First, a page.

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XXIV International Congress of Entomology

Present a paper at the XXIV International Congress of Entomology

My participation at the Congress was greater than originally planned.
I was an invited speaker in the International Organization for Biological Control-sponsored symposium on “Biological control:
benefit sharing and the balance between benefits and risks” The paper was “Climate and biological control: state of knowledge, risks and opportunities’  and my co-authors were Matthew Cock CABI UK, and Dave Gillespie Agriculture and Agri-Food Canada. This paper arose from collaboration with CABI that came about through my MAF Policy-funded climate change work with Plant & Food, AgResearch, Scion and Landcare Research.
I was session chair and opening speaker for the symposium “Ecological attributes of invasive alien species”.  The paper was “Biological attributes contributing to the invasiveness of Sitona lepidus in New Zealand and the success of its introduced biological control agent Microctonus aethiopoides” with co-authors Colin Ferguson, Scott Hardwick, Mark McNeill and Craig Phillips, also of AgResearch.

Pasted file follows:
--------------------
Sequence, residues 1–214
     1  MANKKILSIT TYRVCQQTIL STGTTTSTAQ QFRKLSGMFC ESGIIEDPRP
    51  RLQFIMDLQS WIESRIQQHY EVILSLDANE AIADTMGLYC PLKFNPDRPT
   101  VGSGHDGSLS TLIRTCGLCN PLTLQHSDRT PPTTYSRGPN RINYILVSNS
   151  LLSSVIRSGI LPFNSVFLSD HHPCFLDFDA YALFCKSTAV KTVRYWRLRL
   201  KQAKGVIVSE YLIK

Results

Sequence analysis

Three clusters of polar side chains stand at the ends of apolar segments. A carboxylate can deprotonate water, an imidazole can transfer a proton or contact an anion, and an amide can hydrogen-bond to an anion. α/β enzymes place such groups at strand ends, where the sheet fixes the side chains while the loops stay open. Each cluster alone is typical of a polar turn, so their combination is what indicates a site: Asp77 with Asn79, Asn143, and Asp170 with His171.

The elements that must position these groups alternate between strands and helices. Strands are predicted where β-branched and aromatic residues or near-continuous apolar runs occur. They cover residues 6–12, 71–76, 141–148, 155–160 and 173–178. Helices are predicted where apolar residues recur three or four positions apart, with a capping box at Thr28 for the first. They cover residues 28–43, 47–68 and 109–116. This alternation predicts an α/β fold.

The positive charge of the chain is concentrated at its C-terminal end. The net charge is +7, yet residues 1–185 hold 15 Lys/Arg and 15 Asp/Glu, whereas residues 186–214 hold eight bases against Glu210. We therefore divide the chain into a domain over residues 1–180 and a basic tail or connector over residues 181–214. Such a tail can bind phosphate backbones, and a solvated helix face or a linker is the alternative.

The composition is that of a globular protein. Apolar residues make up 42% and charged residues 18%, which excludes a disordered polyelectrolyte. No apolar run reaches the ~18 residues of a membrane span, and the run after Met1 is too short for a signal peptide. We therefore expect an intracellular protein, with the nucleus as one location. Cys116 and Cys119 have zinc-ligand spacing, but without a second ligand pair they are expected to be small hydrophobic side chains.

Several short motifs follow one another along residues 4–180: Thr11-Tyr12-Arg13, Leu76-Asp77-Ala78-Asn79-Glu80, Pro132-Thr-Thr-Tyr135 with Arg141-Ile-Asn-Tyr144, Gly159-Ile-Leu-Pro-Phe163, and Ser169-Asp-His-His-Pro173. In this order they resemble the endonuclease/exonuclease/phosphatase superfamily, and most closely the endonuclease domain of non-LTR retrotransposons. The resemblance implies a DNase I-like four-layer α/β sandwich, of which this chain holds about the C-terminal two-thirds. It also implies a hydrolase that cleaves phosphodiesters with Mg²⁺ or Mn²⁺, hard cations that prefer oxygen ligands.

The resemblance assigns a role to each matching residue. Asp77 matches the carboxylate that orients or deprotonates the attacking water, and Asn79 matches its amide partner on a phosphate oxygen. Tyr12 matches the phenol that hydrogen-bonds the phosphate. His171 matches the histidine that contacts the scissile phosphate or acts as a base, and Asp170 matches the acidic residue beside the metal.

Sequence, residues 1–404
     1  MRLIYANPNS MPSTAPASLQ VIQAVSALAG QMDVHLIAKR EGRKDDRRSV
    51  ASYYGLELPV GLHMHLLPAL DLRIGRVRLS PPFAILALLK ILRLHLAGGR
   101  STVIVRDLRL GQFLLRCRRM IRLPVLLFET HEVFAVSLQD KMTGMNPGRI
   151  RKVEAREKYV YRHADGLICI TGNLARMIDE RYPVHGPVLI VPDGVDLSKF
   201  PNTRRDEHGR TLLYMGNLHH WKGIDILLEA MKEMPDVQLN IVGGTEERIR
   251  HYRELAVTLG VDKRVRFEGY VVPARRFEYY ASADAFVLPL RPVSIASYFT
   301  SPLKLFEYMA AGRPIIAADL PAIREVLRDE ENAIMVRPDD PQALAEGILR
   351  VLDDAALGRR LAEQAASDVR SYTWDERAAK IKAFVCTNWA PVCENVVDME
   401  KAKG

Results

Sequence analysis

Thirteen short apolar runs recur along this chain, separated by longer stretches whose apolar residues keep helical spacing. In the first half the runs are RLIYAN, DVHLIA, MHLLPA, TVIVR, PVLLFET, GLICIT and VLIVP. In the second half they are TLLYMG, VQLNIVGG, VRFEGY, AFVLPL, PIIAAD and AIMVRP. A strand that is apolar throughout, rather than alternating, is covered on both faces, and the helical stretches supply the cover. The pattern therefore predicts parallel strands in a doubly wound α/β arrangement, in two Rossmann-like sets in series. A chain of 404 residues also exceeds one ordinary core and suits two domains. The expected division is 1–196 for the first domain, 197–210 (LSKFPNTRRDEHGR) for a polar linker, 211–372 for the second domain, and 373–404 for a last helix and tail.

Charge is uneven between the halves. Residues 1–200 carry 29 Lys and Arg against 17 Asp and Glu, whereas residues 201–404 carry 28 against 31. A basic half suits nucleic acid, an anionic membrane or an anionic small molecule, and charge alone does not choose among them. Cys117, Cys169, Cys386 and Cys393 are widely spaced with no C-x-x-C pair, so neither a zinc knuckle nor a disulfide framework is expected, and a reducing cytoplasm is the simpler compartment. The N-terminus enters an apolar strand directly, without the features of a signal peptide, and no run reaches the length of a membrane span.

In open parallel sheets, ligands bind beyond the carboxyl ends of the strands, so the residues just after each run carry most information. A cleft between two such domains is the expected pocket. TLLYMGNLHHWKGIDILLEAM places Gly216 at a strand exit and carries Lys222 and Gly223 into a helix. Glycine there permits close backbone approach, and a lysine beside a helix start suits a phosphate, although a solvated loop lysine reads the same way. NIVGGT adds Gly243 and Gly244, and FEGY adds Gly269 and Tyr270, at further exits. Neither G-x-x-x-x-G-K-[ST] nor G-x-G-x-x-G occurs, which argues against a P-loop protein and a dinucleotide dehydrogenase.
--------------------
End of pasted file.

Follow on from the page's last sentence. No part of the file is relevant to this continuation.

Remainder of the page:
I was able to meet with researchers whose work I’ve cited and have already had follow-up emails to exchange information/ideas. Previously I have had limited opportunity to personally meet and build relationships with northern hemisphere researchers and these international contacts will improve my ability to gain and contribute knowledge to our local biological control community.  This will help provide and maintain robust NZ biocontrol systems for the benefit of NZ growers. 


It was evident from the discussions following my papers that New Zealand is very well regarded for our biological control research, from risk assessments to effective integrated pest management. 
I was impressed with the accuracy and rapidity of metabarcoding for arthropod biodiversity assessments from bulk samples. Compared with traditional methods, it seems to be an increasingly cost-effective way of monitoring invertebrate community composition. While dependent on comprehensive taxonomic reference libraries, I see great data potential for assessing and monitoring pest management systems.